2013 was a fun one. Two weeks after Casey Pachall’s DUI arrest and one week after a shocking loss to Iowa State, Boykin lead TCU to a 49-21 whopping in their reignited rivalry against the Bears. Boykin looked incredible in that game, completing 22 of his 30 passes for 261 yards and four touchdowns. His versatility and speed were also on display as he rushed for 56 yards and one touchdown. But it wasn't so much the stats that were impressive. It was his overall demeanor. He was confident, poised, and dominant. His only rushing score looked like something out of the Johnny Manziel playbook as he completely demolished the Baylor defender. Boykin looked fluid, confident, and had the poise of a guy who'd been starting for two or three years. If this is the real Trevone Boykin, the possibilities are near limitless.

We’ll get to 2014 below.

Trevone Boykin vs. Bryce Petty

Melissa had a really great piece yesterday. But seriously. Why all the love for Petty and none for Boykin. FOX Sports’ David Ubben was surprisingly the first person to point this out. It’s surprising because Ubben has been a semi-homer for Petty and to some degree, Baylor. Ubben went to Mizzou, but he called Petty before anyone else did. While Petty has sat out for many 4th quarters this season, his stats against Texas might be indicative of who’s the better quarterback at this point in the season. To his credit, Petty’s still coming off of an injury. But even a fully healed Petty would have to be at his best to go toe-to-toe against the new and improved Trevone Boykin.

Art Briles vs. Gary Patterson

This is the most exciting talking point about the game, because it’s one that’s going to live on for quite some time. To say there’s bad blood is quite an understatement. It’s more like that YouTube video in which snake venom is plopped out of an eyedropper--simply toxic. I buy that they have a mutual respect. But I don’t buy their knee-jerk reaction assuring a civil relationship, and I’m almost certain that they hate each other. Will they admit that? No. And why would they? As we pointed above, the Briles vs. Patterson era at their current schools began in 2010. Both coaches bring out the worst in each other--Briles turns Patterson’s Hyde into Jekyll whereas Patterson intensifies Briles’ West Texas cocksurness.  In an ESPN Insider article from last week, Travis Haney--whilst saying TCU would win one, if not both matchups against Oklahoma and Baylor--pointed out that Saturday’s game was the only one circled on Patterson’s calendar. And judging by Baylor’s lowly performance against a lowly Texas, it can be said they’re looking forward to this game too.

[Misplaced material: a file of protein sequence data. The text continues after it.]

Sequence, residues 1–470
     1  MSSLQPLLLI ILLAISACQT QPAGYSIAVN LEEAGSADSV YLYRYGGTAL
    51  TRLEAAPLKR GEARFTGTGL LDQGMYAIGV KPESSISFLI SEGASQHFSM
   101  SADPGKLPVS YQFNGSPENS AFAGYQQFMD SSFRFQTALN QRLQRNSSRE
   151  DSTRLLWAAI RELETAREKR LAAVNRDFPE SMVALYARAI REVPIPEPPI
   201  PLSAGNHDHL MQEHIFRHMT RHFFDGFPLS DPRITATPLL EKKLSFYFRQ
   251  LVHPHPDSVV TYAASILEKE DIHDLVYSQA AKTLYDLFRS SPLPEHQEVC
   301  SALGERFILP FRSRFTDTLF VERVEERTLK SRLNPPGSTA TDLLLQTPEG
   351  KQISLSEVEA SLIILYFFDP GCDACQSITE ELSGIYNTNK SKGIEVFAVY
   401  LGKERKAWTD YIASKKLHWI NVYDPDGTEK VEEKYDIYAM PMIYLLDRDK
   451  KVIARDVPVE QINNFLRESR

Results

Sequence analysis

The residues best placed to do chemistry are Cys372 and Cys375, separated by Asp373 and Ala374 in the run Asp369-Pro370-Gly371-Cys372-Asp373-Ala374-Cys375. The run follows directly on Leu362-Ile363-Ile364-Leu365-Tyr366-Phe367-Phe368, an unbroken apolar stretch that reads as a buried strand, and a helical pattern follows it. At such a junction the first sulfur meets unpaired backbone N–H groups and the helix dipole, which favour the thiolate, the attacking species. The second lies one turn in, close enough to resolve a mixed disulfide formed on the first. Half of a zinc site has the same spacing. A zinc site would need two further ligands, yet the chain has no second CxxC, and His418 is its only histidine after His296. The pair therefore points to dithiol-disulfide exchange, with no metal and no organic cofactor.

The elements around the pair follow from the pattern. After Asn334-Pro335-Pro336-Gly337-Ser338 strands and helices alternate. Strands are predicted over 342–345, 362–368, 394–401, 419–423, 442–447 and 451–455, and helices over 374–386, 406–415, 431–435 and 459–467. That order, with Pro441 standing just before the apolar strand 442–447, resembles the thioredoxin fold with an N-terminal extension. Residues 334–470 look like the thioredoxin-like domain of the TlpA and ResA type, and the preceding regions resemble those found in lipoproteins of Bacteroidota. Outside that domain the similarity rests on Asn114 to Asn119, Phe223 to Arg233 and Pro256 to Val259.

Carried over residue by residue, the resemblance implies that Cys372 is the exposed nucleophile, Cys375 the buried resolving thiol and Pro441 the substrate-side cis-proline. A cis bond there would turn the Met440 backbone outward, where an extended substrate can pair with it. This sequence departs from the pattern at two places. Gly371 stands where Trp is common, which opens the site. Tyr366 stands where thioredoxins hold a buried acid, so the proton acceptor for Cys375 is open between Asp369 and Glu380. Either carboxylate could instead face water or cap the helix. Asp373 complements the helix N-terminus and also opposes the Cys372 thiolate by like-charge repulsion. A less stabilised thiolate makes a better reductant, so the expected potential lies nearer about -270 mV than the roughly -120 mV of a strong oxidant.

It makes sense that they’re enemies. They’re polar opposites in their football idealism. They’re polar opposites personally. Using Haney’s words, Patterson is "understated" while Briles can be "brash" and "cocky". Neither were intended as in insult, and I’d be surprised if either coaches disagreed with those words. They’re also masterminds on their respective sides of the ball. Patterson is the defensive guru who modified Bill Belichick's NFL defense into the masterful 4-2-5 TCU fans know and love. Both coaches pulled their schools out of the gutter and made them Nationally relevant. In the process, both schools have been able to build new football cathedrals because of them. They’re two men, who when it’s all said and done, will have fields, if not stadiums, named after them. Carter-Patterson Stadium has a lovely little ring to it.

The two have always been a little salty, but it took to new heights when Ahmad Dixon targeted Trevone Boykin in last year’s final game. A win wouldn’t have made up for a 4-8 season--potentially 5-7--but it would’ve ended on a high-note. Instead, it ended with Patterson in a semi-manic, uncharacteristic frenzy. From an outsiders perspective, it could easily seem like Patterson, hoarse as can be, was simply whining. But given what the general public knows about Dixon now, it’s hard to refute that it wasn’t a cheap shot, and the very worst of Dixon. He said it’s the way he plays football. But that’s a pretty dirty standard to live by. Everyone involved, minus Boykin, is a little at fault. It should’ve been left on the field. But it’s a helluva lot more fun for us now.

Last week was a huge stepping stone. But this is the biggest game for TCU since joining the Big 12. Should they win, they are in dominating control of their destiny to the playoff.